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Dr. Michael DeBakey, the renowned heart surgeon, received the Congressional Medal of Honor recently. He’s going to be 100 this year, so apparently somebody figured they better get to it.
When the Seattle city council voted to ban commercial cadaver displays like “Bodies: The Exhibition,” you had to wonder if Bellevue’s city council would have done the same.
If you’ve lived on the Eastside for a while, you can probably remember a place called Pizza and Pipes. The restaurant featured extremely talented keyboardists playing a huge, 1,200-pipe Wurlitzer organ with all the bells and whistles – literally, bells and whistles – along with soap bubbles and puppets. It was a pizza place designed for young families, the noisier the better.
A few weeks ago, my wife and I were watching the DVD of Titanic, when she suddenly - WAIT A MINUTE! That was the beginning… Continue reading
I grew up in the town of Bend, Ore. It was the June of my 16th year, and my plans were set. After a grueling year completing the 10th grade, I now planned to spend the next three months in a mostly horizontal position, reading comic books and quaffing root beer. But the Old Man had other ideas.
A friend of mine was driving past a cemetery with his 4-year-old daughter one day and noticed her looking closely at it. “Do you know what that place is?” the dad asked. “Oh sure,” she answered casually. “That’s where the dead guys live.”
Overheard from a 12-year-old girl at a yard sale in Eastgate last weekend: “Hey, Dad! Come look at this thing! It looks really old! You’d love it!” The thing was a VHS cassette player – a gadget so antiquated that the 12-year-old had never seen one before.
Happiness is something like Justice Potter Stewart’s famous definition of pornography: “I know it when I see it.” Happiness, on the other hand, is something you’ll know when you have it. But how do you get it? In my dad’s day, he seemed to know a number of people with nicknames – and they were often nicknames that connoted the exact opposite of who the person really was. There were bald-headed guys named Curly. Gigantic fellows named Tiny. Slow-footed chaps named Speedy.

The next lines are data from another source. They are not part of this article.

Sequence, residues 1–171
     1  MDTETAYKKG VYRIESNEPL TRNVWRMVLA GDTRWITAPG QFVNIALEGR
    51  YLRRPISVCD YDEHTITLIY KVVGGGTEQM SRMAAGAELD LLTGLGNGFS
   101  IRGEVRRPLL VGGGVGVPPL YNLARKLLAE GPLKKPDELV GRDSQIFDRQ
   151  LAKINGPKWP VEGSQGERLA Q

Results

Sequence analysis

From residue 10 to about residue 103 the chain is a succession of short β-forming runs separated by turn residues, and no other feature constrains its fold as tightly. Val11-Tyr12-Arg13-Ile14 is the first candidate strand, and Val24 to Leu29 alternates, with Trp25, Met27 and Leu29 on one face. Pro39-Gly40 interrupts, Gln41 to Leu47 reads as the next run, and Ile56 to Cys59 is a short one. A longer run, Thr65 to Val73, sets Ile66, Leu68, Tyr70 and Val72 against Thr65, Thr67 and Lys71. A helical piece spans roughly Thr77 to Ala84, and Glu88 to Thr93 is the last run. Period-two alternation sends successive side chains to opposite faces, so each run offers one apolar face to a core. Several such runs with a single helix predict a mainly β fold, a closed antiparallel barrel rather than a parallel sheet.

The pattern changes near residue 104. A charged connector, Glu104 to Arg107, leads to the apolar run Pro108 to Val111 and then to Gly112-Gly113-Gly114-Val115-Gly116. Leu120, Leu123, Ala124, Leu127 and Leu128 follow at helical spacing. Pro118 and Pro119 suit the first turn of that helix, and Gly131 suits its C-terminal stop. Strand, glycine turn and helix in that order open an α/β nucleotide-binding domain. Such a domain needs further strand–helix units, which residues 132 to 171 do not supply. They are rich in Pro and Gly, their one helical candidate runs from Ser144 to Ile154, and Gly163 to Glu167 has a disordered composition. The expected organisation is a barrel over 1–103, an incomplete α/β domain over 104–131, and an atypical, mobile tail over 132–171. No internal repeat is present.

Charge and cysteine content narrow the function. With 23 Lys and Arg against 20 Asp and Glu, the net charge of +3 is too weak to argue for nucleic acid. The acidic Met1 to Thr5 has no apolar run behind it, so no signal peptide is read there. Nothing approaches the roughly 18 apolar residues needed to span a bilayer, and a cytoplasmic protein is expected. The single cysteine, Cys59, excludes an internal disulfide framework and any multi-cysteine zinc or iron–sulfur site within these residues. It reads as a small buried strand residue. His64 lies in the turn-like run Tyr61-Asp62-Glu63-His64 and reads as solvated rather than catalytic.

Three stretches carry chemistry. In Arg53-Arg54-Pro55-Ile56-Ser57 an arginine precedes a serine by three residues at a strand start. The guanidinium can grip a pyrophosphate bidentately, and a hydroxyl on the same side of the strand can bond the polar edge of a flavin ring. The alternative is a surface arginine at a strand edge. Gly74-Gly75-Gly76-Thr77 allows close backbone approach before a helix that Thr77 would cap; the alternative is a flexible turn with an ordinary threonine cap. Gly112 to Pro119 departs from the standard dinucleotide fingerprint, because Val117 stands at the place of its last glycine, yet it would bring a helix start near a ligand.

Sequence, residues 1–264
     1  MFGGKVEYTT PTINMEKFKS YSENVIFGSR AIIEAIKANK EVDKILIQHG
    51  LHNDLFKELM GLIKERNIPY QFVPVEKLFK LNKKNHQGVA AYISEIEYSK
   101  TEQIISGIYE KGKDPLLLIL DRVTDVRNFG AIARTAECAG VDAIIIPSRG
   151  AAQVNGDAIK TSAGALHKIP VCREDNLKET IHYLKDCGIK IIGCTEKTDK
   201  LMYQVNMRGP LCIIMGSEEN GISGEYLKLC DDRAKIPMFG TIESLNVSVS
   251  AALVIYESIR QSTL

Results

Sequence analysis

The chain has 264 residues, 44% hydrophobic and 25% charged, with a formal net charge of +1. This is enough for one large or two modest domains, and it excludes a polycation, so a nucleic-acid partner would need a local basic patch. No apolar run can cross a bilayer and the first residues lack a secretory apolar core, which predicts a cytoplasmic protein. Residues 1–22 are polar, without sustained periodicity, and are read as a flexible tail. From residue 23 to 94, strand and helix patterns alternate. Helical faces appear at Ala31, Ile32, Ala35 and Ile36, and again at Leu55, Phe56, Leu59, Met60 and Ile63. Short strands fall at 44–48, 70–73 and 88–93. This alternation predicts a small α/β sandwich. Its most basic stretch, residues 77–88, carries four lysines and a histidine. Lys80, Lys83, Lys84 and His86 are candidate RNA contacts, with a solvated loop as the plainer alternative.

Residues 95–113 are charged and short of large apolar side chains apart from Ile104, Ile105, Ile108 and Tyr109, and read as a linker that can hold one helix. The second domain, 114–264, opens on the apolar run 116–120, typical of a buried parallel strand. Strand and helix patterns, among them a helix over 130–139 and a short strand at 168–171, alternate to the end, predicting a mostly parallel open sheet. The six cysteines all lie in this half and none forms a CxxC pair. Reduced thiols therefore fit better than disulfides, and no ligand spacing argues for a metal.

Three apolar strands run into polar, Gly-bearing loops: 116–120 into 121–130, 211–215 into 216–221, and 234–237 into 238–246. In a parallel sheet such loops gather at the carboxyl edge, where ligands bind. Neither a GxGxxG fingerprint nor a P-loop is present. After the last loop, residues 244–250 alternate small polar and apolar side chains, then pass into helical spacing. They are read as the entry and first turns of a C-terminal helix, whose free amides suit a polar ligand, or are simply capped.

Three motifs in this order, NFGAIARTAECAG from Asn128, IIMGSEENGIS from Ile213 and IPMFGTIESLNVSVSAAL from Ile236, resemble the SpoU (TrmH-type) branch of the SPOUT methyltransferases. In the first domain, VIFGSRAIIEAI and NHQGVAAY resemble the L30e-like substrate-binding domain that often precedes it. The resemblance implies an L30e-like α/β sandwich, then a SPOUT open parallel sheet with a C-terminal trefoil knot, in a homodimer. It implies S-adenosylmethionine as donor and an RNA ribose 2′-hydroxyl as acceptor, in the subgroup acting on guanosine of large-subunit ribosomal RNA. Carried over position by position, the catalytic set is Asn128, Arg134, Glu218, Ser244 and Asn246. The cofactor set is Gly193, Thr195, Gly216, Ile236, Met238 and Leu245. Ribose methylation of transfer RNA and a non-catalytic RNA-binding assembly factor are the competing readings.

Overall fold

I am one of five brothers. Our ranks are down to four — my younger brother, Sean, died recently after a sudden illness. He was only in his fifties, an age that sounded positively ancient when we were kids, but now seems far too young.
Ever met one of those people who seemingly can do everything? I know a guy like that.
My next-door neighbor recently told me that he began to ‘horripilate’ while watching local TV news last week. I said, “Gee, that’s too bad” -… Continue reading
Here’s a headline for you: “A NEW STUDY HAS COME OUT!”
A few weeks ago, my wife and I were home watching the movie Titanic when she suddenly hit the pause button and said, “I think… Continue reading
My grandmother would have been apoplectic at such a phrase coming from a president. But President Obama said it recently when talking about the health care rollout: “We screwed up.”
Some people think all babies are cute, regardless of the species. Really?
Looking for something fun to do? Here’s an idea: Take a pen or black magic marker to the photo of me that accompanies this column. Carefully black out my left front tooth. You’re not defacing the photo.
I walked into a neighborhood coffee joint last week and noticed that the barista's left eye was swollen shut and he had a large bandage… Continue reading
I remember the day I brought home a particular fifth grade report card. Mine, unfortunately.
If you Google (or Bing, in deference to Microsoft) the words “Big Bertha,” the first thing that comes up is the name of a golf club. Next, comes the name of a super-heavy military howitzer, followed by a Guinness world record-holding cow. All of those Big Berthas share the ability to generate some degree of effective movement. Then comes Seattle’s Big Bertha, the tunnel boring machine that is now sitting underground as motionless as a set of dinosaur bones.
The other day, I thought of a new law that ought to be enacted.